It was time to go get our rental car, so we grabbed an auto-rickshaw with a meter and headed back to the Paseo del Prado. We stumbled into a Sunday afternoon handicraft market on the promenade, so lingered for quite a while checking out art and jewelry. Dave bought several bracelets, one of which I’m now wearing. The paintings were mostly copies but still interesting.
The car rental place was attached to the Parque Central Hotel/Iberostar towards the backside, and took us a while to find. Our reservation was at 330PM, and we got there around 315PM to start the paperwork, as Kenia had mentioned earlier that they take their sweet time. The man in the rental car office, Raul, was more professional than friendly, but he liked us more once we started getting in to the baseball game that was on the small TV in the room. It was the same game we were invited to go to by our friends – Guantanamo vs. the Havana team, Industriales. We had to fork over another large sum of money including the deposit ($150), gas ($58), and the fee to allow a second driver ($10 or so), and pretty soon we were almost out of money…already!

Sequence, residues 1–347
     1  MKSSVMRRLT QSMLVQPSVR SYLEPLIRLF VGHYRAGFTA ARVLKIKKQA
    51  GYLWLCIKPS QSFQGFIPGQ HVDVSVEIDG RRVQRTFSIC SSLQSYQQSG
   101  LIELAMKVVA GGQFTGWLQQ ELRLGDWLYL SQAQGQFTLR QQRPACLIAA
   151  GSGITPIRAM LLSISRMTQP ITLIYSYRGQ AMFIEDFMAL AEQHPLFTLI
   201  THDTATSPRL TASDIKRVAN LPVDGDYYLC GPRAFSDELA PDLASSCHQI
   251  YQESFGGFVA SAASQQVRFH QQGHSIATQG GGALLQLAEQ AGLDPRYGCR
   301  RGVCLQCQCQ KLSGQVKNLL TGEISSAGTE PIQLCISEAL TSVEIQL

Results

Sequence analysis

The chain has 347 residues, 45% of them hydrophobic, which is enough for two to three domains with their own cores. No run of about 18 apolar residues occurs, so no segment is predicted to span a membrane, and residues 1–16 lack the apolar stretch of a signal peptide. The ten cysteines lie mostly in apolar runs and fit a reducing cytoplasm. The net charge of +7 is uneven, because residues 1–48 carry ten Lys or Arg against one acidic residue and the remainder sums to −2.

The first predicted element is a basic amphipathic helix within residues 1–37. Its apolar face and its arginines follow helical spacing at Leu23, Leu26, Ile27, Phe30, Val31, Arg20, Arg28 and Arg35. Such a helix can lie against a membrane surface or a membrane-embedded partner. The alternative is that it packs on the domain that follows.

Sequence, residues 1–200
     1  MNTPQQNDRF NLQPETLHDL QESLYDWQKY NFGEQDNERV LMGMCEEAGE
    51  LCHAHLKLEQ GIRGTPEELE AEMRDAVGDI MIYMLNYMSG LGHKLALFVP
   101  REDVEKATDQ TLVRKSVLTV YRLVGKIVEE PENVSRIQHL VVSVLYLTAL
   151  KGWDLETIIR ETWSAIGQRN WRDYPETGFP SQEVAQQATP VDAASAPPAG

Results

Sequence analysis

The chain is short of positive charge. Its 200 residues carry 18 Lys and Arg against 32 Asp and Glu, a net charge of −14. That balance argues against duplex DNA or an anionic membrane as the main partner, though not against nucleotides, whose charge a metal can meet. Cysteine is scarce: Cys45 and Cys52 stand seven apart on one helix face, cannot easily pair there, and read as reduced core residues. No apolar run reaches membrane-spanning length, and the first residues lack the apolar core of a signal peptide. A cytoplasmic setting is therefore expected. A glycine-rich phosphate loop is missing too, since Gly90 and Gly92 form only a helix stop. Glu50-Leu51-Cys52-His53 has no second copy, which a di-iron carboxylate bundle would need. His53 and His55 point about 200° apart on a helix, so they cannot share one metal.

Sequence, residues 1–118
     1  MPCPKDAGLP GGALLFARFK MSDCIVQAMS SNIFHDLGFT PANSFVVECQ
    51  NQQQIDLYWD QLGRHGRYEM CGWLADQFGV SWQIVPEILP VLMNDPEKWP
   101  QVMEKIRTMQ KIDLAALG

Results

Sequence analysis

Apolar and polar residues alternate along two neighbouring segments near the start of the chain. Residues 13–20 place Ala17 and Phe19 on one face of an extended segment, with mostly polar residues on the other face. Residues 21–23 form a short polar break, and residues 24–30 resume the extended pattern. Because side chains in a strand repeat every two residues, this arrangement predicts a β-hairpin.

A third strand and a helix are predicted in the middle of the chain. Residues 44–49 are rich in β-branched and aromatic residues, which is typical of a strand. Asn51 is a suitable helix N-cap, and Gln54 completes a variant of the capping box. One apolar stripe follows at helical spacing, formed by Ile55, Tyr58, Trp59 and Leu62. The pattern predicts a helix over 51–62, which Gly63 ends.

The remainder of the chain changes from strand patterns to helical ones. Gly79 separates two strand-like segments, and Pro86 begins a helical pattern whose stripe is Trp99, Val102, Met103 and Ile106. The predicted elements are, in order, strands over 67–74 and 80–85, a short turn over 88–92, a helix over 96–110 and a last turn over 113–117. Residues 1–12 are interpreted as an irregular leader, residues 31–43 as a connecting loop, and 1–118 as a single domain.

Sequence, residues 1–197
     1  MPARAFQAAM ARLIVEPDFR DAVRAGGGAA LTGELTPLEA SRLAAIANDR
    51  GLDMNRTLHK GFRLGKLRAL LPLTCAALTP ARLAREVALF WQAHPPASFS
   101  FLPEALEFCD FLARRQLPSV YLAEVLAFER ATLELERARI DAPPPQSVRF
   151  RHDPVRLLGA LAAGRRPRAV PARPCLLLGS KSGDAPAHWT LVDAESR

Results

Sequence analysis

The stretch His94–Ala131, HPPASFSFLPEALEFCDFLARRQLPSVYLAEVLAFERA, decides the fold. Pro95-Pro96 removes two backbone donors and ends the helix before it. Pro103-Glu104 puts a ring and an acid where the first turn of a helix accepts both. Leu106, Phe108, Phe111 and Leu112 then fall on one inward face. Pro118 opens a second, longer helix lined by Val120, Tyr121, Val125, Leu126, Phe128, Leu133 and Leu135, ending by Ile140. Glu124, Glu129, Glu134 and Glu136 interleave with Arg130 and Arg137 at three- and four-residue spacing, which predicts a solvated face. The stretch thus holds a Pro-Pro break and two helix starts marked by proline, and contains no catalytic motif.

The car was a white Kia and we got a “free” upgrade from economy to standard. It looked good other than a chip in the windshield, which we unfortunately discovered later. We wondered if we would ever see our security deposit again.
After getting the car, we decided to leave it on the street and go check internet and get coffee. We found a café in the hotel which sold us both an internet card (tarjeta de internet) and some café con leche y espresso. Internet cost $5.50 for an hour.
It was good we checked internet, because one of the reservations I had tried making in Trinidad (in La Boca) panned out. So we at least had a place to stay in the evening. Dave sent some emails to his family and checked Fantasy Football scores. We stayed there probably longer than we should have, since we had a 5 hour (or more) drive ahead of us.
By 430 PM we had finally taken the car back to our Casa Castellòn, got our luggage, said goodbye to the family, packed up and shipped off. Earlier, Kenia had given me detailed directions to get to Trinidad, and a map, which proved extra valuable, especially considering the car rental place had none. We would be seeing them again Wednesday night, as we again arranged a stay for our last night in Havana, Cuba.